[6] N.C. Gen. Stat. § 66-153 (emphasis added).

[7] See Next Advisor Continued, Inc. v. Lendingtree, Inc., 2017 NCBC LEXIS 52, *18, 2017 NCBC 51; SCR-Tech LLC v. Evonik Energy Servs. LLC, 2014 NCBC LEXIS 71, at *1-2 (N.C. Super. Ct. Dec. 31, 2014).

[8] See Metso Minerals Indus., Inc. v. FLSmidth-Excel LLC, 733 F. Supp. 2d 969, 978 (E.D. Wis. 2010); Bladeroom Grp. Ltd. v. Facebook, Inc., No. 5:15-cv-01370-EJD, 2018 U.S. Dist. LEXIS 10905, at *38 (N.D. Cal. Jan. 2, 2018); BladeRoom Grp. Ltd. v. Facebook, Inc., 219 F. Supp. 3d 984, 991 (N.D. Cal. 2017).

[9] Alfred E. Mann Found. For Sci. Research v. Cochlear Corp., 604 F.3d 1354, 1360 (Fed. Cir. 2010) (also noting that an exclusive licensee that has received less than “all substantial rights” may be permitted standing as a co-plaintiff with the patent owner).

[10] See Frank M. Denison, D.D.S., Inc. v. Westmore Dental Arts, P.C., No. 80-842, 1981 U.S. Dist. LEXIS 17332, at *15 (W.D. Pa. Jan. 15, 1981) (noting that patent law appears to provide “the best guidance,” and not requiring joinder of the trade secret owner because “[t]he only indicia of ownership not enjoyed by plaintiffs is the right to assign or sub-license their interest in the trade secret.”); Memry Corp. v. Ky. Oil Tech., N.V., No. C-04-03843 RMW, 2006 U.S. Dist. LEXIS 94393, at *26 (N.D. Cal. Dec. 18, 2006).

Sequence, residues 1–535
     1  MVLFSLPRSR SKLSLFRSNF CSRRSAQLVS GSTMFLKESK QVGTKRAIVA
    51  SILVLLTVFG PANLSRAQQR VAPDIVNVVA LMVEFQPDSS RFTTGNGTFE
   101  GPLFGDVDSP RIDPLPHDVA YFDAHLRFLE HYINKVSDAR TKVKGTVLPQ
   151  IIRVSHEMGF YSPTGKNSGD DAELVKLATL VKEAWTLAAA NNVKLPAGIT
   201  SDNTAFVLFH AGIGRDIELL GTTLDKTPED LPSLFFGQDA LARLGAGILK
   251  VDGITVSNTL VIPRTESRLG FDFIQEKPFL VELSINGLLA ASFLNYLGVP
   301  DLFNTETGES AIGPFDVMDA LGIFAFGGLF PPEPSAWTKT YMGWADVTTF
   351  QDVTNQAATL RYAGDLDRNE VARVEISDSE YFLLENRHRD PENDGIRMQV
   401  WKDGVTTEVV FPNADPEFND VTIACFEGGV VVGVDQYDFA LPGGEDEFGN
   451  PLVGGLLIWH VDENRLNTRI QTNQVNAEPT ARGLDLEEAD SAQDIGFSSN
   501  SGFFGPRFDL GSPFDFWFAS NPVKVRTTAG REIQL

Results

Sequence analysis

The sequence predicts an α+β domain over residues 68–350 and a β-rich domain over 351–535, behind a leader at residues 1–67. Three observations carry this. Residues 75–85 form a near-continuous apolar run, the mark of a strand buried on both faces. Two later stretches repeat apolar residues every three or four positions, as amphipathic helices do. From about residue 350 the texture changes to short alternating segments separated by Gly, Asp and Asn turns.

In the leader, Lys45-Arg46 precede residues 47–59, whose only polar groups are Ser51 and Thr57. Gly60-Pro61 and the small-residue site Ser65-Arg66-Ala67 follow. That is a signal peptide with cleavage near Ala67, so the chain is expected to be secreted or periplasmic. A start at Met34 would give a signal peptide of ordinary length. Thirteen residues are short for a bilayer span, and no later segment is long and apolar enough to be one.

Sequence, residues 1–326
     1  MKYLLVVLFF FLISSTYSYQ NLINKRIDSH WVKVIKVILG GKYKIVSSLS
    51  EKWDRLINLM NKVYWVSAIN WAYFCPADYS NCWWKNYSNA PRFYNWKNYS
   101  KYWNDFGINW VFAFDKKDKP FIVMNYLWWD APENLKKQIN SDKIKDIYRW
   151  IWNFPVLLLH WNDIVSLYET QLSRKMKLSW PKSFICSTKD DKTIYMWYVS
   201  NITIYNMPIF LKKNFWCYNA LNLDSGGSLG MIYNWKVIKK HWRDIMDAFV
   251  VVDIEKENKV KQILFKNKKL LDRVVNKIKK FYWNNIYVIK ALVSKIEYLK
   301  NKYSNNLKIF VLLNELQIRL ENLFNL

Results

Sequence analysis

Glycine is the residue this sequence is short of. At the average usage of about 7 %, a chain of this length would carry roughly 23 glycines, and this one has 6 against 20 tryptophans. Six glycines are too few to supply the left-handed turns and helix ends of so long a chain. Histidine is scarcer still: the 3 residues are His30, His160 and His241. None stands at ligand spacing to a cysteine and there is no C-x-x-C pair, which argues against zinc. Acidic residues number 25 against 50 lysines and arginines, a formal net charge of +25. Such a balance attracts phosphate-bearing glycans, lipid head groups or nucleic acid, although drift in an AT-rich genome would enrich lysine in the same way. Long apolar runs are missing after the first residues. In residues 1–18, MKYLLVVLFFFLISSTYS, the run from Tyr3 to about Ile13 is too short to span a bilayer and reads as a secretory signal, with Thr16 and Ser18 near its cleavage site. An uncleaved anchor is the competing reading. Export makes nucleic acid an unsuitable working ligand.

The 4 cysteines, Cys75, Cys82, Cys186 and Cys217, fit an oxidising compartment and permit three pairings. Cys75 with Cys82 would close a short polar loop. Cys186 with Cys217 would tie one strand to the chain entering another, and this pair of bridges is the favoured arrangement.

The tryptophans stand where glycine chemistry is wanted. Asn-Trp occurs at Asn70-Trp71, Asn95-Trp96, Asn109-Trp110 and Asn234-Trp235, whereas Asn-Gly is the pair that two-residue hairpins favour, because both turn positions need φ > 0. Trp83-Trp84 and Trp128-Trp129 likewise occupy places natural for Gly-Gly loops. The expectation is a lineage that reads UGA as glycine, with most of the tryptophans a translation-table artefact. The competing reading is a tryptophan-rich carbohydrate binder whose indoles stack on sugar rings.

[11] See KEWANEE v. BICRON, 416 U.S. 470, 481 (1974).

[12] Metso Minerals Indus., Inc. v. FLSmidth-Excel LLC, 733 F. Supp. 2d 969, 977 (E.D. Wis. 2010).

[13] See Metso Minerals Indus., Inc. v. FLSmidth-Excel LLC, 733 F. Supp. 2d 969, 978 (E.D. Wis. 2010); Bladeroom Grp. Ltd. v. Facebook, Inc., No. 5:15-cv-01370-EJD, 2018 U.S. Dist. LEXIS 10905, at *38 (N.D. Cal. Jan. 2, 2018); BladeRoom Grp. Ltd. v. Facebook, Inc., 219 F. Supp. 3d 984, 991 (N.D. Cal. 2017).

[14] See Advanced Fluid Sys., Inc. v. Huber, et al., Nos. 19-1722, 19-1752 (3d Cir. Apr. 30, 2020); DTM Research, L.L.C. v. AT&T Corp., 245 F.3d 327, 331-34 (4th Cir. 2001); BladeRoom Grp. Ltd. v. Facebook, Inc., 219 F. Supp. 3d 984, 990 (N.D. Cal. 2017); Williams-Sonoma Direct, Inc. v. Arhaus, LLC, 304 F.R.D. 520, 527 (W.D. Tenn. 2015); ); Metso Minerals Indus., Inc. v. FLSmidth-Excel LLC, 733 F. Supp. 2d 969, 978 (E.D. Wis. 2010); Advanced Fluid Sys. v. Huber, 28 F. Supp. 3d 306, 323 (M.D. Pa. 2014); DaimlerChrysler Servs. v. Summit Nat’l, No. 02-71871, 2006 U.S. Dist. LEXIS 32049, at *26-7 (E.D. Mich. May 22, 2006).